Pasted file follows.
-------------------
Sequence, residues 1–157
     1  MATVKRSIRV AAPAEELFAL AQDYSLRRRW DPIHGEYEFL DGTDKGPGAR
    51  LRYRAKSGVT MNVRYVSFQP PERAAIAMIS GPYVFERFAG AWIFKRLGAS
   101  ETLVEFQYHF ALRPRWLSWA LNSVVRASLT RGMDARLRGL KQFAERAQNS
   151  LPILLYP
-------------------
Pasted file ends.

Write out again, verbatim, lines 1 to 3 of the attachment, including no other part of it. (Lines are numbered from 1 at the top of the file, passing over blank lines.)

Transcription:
Sequence, residues 1–157
     1  MATVKRSIRV AAPAEELFAL AQDYSLRRRW DPIHGEYEFL DGTDKGPGAR
    51  LRYRAKSGVT MNVRYVSFQP PERAAIAMIS GPYVFERFAG AWIFKRLGAS